Make sure to check out the other posts in this series on Preparing2Plant Churches
2. A “Receiving” Church/es
Church planters, especially those who “parachute” from the outside, have a reputation for disrespecting the already-established churches in the area. We can easily view ourselves as the enlightened saviors of the city who finally “get” how to do church, and if people would just do ministry like us (never mind that we’re not actually practicing, and this is all theory) then this city would be 95% evangelical, not 95% lost…
Such thinking reflects a myopic kingdom mindset, but this has sadly been the legacy of many planters who have gone before us. Such thinking typically leads to these churches shutting their doors before really having a chance to open them.
Our team didn’t want to be oblivious to the work that has gone before us in the city. It’s not like we’ll be the first good church in Denver, and it is exciting rather than discouraging to know that there are good, gospel-centered churches in the city already. I guess there’s something seemingly-courageous about going to a city and saying you’re the only evangelical church. But for me, when we’re trying to reach millions of people, I’d sure like to have some brothers in the trenches with me. I think there will be plenty of lost people to go around.
These other churches are not our competition, but rather our partners in fulfilling the Great Commission in a city that desperately needs Jesus. I love cooperating for the cause of the gospel since it is “the great unifier.” Territorialism in light of this is utterly ridiculous.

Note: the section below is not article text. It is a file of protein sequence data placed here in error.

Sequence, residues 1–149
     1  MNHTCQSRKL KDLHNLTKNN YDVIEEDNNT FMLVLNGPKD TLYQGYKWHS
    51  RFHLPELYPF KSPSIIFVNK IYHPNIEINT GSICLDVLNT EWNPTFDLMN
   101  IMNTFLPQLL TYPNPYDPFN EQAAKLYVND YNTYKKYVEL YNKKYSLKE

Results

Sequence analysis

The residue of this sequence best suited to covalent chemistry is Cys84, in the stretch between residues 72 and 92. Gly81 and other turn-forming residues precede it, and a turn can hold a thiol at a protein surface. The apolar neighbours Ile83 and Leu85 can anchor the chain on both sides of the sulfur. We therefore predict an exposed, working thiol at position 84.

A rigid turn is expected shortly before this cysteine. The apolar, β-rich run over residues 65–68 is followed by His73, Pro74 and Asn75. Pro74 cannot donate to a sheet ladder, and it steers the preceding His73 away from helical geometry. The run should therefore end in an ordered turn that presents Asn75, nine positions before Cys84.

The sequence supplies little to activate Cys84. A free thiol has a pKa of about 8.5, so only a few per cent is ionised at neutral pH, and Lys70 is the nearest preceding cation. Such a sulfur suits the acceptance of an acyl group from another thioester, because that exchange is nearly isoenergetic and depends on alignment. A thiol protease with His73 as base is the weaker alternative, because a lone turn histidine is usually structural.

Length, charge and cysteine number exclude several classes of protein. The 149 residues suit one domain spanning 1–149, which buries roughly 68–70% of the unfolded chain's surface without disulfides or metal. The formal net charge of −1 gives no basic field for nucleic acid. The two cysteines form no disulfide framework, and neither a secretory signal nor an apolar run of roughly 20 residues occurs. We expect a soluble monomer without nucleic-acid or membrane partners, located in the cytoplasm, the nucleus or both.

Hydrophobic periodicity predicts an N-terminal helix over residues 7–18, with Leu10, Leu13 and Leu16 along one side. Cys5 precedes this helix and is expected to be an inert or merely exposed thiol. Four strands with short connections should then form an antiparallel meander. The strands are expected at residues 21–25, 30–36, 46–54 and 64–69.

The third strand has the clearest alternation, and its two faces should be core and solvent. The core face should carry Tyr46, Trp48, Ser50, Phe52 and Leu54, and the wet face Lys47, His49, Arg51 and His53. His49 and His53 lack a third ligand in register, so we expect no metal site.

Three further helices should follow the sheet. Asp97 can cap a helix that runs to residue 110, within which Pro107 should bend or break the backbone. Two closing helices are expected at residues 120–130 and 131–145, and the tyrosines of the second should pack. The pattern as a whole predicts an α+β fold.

We have experienced a wonderful spirit of cooperation in Denver, as pastors recognize both the need in the city and that no one church is going to reach a city on its own. We’ve seen partnerships develop with churches like High View Church, which is only a year old, running around eighty people, yet planting a church in Colorado Springs as well as helping with our planting process in the next year.
If you don’t love the other gospel-centered local churches in the city in which you’re planting, I’d strongly encourage you to evaluate your own calling. More than anything, I’d ask you whether you’re planting a church for God’s glory, or your own.
3. A Team
The thought of my wife and I being a couple of lone rangers and moving to a city to start a church was less than appealing to me. I know there are plenty of guys who have been successful using this model, but when I examined the multitude of responsibilities involved in church planting, I recognized that I didn’t want to do this alone.
Planting as a team presents unique challenges and potential dangers, but the advantages are tremendous: you are engaging the city with an already-established support system in place. You have a community of missionaries ready to reach the city and capable of entering spheres of influence that a lone planter could never reach on his own. You are able to immediately invite non-believers into a gospel community where they can witness what a counter-cultural, gospel-centered life looks like. And when this team comes out of the same church, you already have a clearly defined DNA in place that makes vision casting for the lead planter much easier. I don’t have to introduce my team to concepts such as missional living, gospel-centeredness, expository preaching, and community engagement because my church already has.
In conclusion to this section on calling and the local church, my plea is that you would love the church and see the call to church planting in a less-individualistic light. Strive to see the call in the context of community, namely that local body in which God has placed you to love and serve before you plant.